Although public cloud vendors have dominated the serverless market, there is nothing inherent in the serverless model that requires functions to be hosted in a public cloud. You can just as easily set up an environment within your own data center that allows your developers to deploy functions in a pain-free serverless way and execute them using an event-driven framework.

There are a number of reasons you may want to run serverless functions in your own data center. One is cost. Public cloud vendors charge you each time a serverless function executes, so you have a continuous ongoing expense when you use their services. If you run functions on your own hardware, most of your investment occurs upfront, when you set up the serverless environment. There is no direct cost for each function execution. Your total cost of ownership over the long term may end up being lower than it would be for an equivalent service in a public cloud.

Security is another consideration. By keeping serverless functions in your data center, you can keep all of your data and application code out of the cloud, which could help avoid certain security and compliance challenges.

Performance, too, may be better in certain situations for serverless functions that run in your own data center. For example, if the functions need to access data that is stored in your data center, running the functions in the same data center would eliminate the network bottlenecks you may face if your functions ran in the cloud but had to send or receive data from a private facility.

A final key reason to consider serverless solutions other than those available in the public cloud is that the latter services offer native support only for functions written in certain languages. Functions developed with other languages can typically be executed, but only by using wrappers, which create a performance hit. When you deploy your own serverless solution, you have a greater ability to configure how it operates and which languages it will support.

That said, the various serverless frameworks that are available for data centers have their own limitations in this respect, so you should evaluate which languages and packaging formats they support before selecting an option.

Deploying serverless functions in your own data center (or a colocation data center) is not much more complicated than running them in the public cloud. There are two main approaches to setting up a serverless architecture outside the public cloud.

The first is to run a private cloud within the data center, then deploy a serverless framework on top of it. In an OpenStack cloud, you can do this using Qinling. Kubernetes (which is not exactly a private cloud framework but is similar in that it lets you consolidate a pool of servers into a single software environment) supports Knative, Kubeless, and OpenWhisk, among other serverless frameworks.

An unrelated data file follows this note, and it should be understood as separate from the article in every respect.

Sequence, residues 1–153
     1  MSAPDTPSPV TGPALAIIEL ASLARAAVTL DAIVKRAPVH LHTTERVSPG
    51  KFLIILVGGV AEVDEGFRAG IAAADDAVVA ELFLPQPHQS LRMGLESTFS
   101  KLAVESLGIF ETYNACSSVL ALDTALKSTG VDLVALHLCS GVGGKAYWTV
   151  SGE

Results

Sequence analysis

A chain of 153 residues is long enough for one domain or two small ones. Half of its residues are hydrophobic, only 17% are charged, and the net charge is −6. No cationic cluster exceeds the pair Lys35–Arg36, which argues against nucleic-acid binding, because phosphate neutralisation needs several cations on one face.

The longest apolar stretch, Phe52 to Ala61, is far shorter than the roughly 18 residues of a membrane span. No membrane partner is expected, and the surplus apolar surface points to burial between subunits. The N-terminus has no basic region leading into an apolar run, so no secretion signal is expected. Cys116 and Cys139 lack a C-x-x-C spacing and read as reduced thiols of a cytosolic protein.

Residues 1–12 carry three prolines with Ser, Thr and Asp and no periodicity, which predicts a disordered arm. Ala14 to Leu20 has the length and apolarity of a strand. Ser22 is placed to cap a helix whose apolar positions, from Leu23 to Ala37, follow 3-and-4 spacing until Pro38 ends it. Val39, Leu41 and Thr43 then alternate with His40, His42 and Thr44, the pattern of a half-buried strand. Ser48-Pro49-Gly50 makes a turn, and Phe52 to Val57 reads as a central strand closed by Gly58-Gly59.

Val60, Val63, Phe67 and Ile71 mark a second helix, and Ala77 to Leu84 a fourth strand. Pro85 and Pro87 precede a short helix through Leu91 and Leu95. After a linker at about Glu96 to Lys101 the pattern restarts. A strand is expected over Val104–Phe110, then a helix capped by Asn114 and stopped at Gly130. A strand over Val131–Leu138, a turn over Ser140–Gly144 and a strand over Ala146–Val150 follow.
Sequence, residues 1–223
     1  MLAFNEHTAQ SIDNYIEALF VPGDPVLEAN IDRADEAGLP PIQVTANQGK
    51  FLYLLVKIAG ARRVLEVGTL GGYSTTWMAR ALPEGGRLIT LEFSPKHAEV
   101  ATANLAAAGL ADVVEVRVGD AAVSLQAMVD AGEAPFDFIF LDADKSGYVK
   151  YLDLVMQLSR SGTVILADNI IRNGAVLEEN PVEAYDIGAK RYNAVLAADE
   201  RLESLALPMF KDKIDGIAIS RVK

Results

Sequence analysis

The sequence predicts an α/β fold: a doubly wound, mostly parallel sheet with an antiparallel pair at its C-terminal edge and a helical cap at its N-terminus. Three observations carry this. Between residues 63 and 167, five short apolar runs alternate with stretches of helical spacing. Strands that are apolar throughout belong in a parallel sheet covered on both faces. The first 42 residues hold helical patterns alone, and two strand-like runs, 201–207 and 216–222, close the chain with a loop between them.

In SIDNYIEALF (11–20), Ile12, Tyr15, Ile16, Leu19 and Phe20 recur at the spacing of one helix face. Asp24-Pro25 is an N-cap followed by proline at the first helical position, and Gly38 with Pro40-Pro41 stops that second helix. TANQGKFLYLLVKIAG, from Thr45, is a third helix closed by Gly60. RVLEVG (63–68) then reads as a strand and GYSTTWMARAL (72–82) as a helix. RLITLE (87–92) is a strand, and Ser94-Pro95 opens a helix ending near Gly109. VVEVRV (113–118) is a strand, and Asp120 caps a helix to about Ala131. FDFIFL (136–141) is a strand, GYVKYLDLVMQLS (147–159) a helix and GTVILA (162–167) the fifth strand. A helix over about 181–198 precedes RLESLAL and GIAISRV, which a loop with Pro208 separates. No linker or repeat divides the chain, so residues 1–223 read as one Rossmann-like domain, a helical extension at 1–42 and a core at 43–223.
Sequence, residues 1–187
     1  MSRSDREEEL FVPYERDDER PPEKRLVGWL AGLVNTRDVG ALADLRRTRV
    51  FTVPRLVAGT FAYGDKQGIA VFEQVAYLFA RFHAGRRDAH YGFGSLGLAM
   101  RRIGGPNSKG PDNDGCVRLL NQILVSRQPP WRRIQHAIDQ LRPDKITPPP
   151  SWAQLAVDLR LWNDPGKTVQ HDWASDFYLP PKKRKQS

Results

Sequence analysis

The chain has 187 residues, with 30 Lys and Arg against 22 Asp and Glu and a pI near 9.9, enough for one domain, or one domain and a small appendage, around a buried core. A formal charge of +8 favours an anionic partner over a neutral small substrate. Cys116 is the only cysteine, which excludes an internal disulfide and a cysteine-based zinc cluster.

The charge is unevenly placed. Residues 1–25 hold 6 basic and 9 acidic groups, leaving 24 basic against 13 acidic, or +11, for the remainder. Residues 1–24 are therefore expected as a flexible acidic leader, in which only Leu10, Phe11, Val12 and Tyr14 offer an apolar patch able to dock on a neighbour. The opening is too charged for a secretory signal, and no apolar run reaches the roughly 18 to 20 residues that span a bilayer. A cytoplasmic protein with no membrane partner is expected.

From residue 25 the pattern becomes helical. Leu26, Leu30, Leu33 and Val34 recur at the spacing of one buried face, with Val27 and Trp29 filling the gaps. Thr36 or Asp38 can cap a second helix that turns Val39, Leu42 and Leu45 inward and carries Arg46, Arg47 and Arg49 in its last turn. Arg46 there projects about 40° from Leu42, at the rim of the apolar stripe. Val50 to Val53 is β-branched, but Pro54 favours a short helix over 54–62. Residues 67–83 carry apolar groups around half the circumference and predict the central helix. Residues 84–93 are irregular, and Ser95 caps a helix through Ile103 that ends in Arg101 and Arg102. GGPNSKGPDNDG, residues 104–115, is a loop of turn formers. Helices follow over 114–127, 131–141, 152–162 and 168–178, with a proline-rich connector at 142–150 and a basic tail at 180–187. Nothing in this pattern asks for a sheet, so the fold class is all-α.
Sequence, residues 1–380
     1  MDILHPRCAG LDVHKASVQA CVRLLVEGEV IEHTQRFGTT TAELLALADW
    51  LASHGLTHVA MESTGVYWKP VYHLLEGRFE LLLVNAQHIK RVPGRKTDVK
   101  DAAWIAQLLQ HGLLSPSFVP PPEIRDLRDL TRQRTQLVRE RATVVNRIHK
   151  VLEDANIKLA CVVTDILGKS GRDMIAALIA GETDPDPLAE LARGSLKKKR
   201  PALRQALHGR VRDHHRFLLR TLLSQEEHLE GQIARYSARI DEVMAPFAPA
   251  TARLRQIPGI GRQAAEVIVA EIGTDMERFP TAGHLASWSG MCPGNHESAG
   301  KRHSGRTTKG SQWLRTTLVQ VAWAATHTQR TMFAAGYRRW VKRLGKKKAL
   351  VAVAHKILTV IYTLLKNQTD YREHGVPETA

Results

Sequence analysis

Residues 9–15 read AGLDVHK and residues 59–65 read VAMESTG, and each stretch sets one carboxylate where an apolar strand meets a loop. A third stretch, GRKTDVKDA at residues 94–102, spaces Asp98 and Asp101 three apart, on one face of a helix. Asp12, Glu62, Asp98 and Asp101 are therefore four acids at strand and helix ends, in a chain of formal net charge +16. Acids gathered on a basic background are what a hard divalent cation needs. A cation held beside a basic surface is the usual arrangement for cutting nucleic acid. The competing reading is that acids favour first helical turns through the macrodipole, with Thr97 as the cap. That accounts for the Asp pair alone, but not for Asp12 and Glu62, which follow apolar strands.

The second approach is to use a hybrid cloud framework that allows you to run a public cloud vendor's serverless framework in your own data center. Azure Stack, Microsoft's hybrid cloud solution, supports the Azure serverless platform, and Google Anthos has a serverless integration via Cloud Run. (As for Amazons cloud, AWS Outposts, its hybrid cloud framework, does not currently offer a serverless option.)

The first approach will require more effort to set up, but it yields greater control over which serverless framework you use and how its configured. It may also better position you to achieve lower costs, because many of the serverless solutions for private clouds are open source and free to use.

On the other hand, the second approach, using a hybrid cloud solution from a public cloud vendor, will be simpler to deploy for most teams, because it does not require setting up a private cloud. It also offers the advantage of being able to deploy the same serverless functions in your data center or directly in the public cloud. A serverless function deployed via Azure Stack can be lifted and shifted with minimal effort to run on Azure Functions.

Serverless functions in the public cloud are very easy to deploy, but they do not offer the best cost, performance, or security for all types of workloads. For situations where the public cloud vendors' serverless solutions come up short, consider deploying serverless functions in your own data center or colocation facility.